How long have people inhabited the Americas? That is a very debated question that pulls in many different disciplines of science. Until recently the textbook answer was that it was around 13,000 years ago as mankind settled on the Bering Landbridge and then migrated down into the Americas as the ice retreated and the corridor was cleared.

But more and more the orthodox view is being challenged and new discoveries of human footprints in White Sands National Park in New Mexico are forcing the textbooks to be rewritten. Today one of the oldest permanent human sites being excavated are truly ancient sites of Karahan Tepe and Gobekli Tepe in Turkey.

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White Sands National Park & Historic Climate

White Sand National Park is located in the Tularosa Basin and is completely surrounded by the White Sands Missile Range. It includes white sand dunes that are made up of gypsum crystal - the largest such dune field in the world. The depth of these dunes is around 30 feet or 9.1 meters and as tall as 60 feet or 18 meters.

  • Preserves: The Gypsum Dunefields

But during the ice age, this area was completely different. The Tularosa Basin has large lakes 12,000 years ago together with grasslands, streams, and Ice Age mammals.

  • Lake Otero: A Prehistoric Lake 1,600 Square Mile Lake That Dried Up 10,000 Years Ago

But as the climate warmed and the Ice Age receded rain and snowmelt dissolved the gypsum from the mountains in the area and carried it into to basin.

As time wore on the lakes evaporated leaving behind selenite crystals. These were then broken up by the strong winds and carried eastward. The gypsum is still continued being produced today.

There is more than just human footprints in this park. Once one government trapper spotted footprints from Bigfoot. These impressive footprints measure 22 inches long and 8 inches wide.

  • Bigfoot: Bigfoot's Big Foot Was The Big Foot Of A Big Footed Giant Ground Sloth

It was later on found to be the "big foot" of a giant ground sloth that once roams these parts of the continent.

Learn more about visiting the National Park on NPS's website as well as about the fossilized footprints.

The Last Glacial Maximum

  • Last Glacial Maximum: Spanned From 20,000 to 26,500 Years Ago

During the Last Glacial Maximum, the sea levels were much lower with so much water lockup in the massive ice sheets. Temperatures were lower and glaciers were much larger. Two massive ice sheets called Laurentide and Cordilleran covered much of what is now Canada and formed a continuous icy wall from the Pacific to the Atlantic oceans.

  • Sea Levels: Over 400 Feet Lower
  • Beringia: The Land Bridge That Connected Siberia with Alaska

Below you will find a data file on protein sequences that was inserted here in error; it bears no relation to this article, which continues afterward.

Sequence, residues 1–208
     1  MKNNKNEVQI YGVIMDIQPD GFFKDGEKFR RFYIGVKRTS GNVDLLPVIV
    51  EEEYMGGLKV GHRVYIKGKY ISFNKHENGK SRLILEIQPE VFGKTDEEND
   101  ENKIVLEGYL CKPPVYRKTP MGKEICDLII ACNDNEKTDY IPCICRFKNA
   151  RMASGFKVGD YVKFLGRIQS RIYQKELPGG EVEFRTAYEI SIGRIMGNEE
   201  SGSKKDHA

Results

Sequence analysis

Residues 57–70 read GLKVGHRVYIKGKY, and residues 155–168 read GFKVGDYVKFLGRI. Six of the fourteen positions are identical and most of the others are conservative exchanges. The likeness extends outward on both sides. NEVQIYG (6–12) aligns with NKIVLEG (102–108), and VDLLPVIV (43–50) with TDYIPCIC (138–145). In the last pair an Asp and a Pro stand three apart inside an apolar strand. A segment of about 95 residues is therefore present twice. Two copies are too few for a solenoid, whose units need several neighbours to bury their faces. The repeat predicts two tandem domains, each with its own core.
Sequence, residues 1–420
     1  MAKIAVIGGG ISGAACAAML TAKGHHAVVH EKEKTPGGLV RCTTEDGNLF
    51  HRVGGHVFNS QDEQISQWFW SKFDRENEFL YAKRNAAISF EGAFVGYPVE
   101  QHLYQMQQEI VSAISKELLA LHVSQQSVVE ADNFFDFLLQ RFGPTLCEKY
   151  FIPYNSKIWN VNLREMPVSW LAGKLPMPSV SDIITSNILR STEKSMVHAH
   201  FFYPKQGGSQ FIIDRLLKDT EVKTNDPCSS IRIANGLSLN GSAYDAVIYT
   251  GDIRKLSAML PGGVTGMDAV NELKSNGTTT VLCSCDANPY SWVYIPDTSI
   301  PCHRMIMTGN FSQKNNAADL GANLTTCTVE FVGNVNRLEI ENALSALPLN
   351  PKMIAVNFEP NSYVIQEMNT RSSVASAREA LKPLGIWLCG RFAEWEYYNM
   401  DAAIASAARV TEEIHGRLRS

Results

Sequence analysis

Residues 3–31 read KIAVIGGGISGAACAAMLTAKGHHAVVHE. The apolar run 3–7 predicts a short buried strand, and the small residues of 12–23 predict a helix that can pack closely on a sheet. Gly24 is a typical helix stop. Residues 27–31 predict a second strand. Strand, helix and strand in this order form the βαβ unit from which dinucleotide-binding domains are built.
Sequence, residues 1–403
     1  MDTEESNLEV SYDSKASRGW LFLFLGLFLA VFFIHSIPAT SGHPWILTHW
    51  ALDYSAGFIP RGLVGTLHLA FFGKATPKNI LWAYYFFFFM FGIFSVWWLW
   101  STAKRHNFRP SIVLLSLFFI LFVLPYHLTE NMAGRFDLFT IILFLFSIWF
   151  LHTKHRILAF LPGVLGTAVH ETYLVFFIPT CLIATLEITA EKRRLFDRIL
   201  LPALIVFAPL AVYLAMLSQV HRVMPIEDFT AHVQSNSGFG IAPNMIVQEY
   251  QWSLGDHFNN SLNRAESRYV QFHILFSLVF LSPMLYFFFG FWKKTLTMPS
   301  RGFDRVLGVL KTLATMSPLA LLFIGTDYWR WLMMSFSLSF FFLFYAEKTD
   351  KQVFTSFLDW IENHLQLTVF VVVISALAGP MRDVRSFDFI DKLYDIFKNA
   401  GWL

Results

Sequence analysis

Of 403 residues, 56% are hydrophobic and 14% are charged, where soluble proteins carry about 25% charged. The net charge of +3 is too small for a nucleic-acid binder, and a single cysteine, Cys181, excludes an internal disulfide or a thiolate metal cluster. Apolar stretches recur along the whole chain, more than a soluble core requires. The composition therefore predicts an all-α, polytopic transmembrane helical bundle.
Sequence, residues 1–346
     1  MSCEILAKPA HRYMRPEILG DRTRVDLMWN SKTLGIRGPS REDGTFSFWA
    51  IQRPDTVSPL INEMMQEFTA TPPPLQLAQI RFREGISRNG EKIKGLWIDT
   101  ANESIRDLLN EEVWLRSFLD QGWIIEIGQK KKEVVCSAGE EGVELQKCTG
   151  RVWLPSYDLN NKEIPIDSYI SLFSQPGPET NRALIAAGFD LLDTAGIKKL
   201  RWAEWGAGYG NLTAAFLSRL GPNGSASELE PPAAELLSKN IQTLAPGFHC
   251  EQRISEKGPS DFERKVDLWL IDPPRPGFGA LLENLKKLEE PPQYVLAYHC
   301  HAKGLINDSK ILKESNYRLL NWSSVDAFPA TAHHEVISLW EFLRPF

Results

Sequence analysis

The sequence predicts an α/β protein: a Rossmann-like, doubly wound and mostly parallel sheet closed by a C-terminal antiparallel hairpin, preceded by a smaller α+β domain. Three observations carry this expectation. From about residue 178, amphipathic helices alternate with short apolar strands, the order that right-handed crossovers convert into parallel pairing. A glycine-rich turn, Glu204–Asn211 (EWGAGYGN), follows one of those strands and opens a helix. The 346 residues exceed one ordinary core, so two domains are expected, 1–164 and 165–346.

Today the remanents of Beringia are protected in the Bering Land Bridge National Preserve in Alaska.

Related: How The World Has Reconstructed Ötzi The Iceman's Life

The Footprints In White Sands

Travel to White Sands National Park and one can find what is currently the possible oldest record of humans in the Americas. These remarkable prehistoric tracks date from the time of the Last Glacial Maximum and have been calculated as being some 22,860 to 21,130 years old.

  • Age: 22,580 to 21,130 Years Old

The footprints that have been discovered here are not only rewriting history, they even look like they were left behind just moments ago.

Since the initial discoveries in the 1930s, thousands of tracks in the national park have been discovered. These include more now-extinct ice age animals like giant sloths and mammoths preserved in the gypsum-rich sand.

One excavation site has eight separate horizons of footprints with 61 human tracks that were made by up to 16 different people - mostly teens and children.

  • Children and Teenagers: Most Of The Tracks Were Left By Teenagers and Children

The Bombshell To Science

They were preserved in the mud near one of those ancient lakes at a time when the ice sheets still covered North America and walled off human passage into the continent. It had been thought it would not have been possible to have populated the continent at that time, and yet there they are.

Before this discovery, it was thought that people arrived not later than 13,000 years ago, but that has been challenged by sites like Chile's Monte Verde at 18,500 years old and Texas's Gault site up to 20,000 years old. But all of the sites have been less than convincing for many scientists and have triggered intense debate.

"A discovery like this is very close to finding the Holy Grail"

Ciprian Ardelean - Archaeologist

Related: Historic: Before Göbekli Tepe, There Was Denisova Cave

Grass Seeds And Dating

It was very difficult to date these human footprints. But in 2019, Scientists got a lucky break. They discovered ancient seeds in the human footprints. Some of the track layers were bookended above and below with layers of sediment that contained seeds according to National Geographic.

  • Ruppia Grass: The Type of Grass The Seeds Are From

While scientists couldn't date the footprints themselves, they could radiocarbon date the seeds which were shown to be between 21,000 and 23,000 years old.

Next: Interested In Early Human Civilization? Visit One Of These Two Historic Locations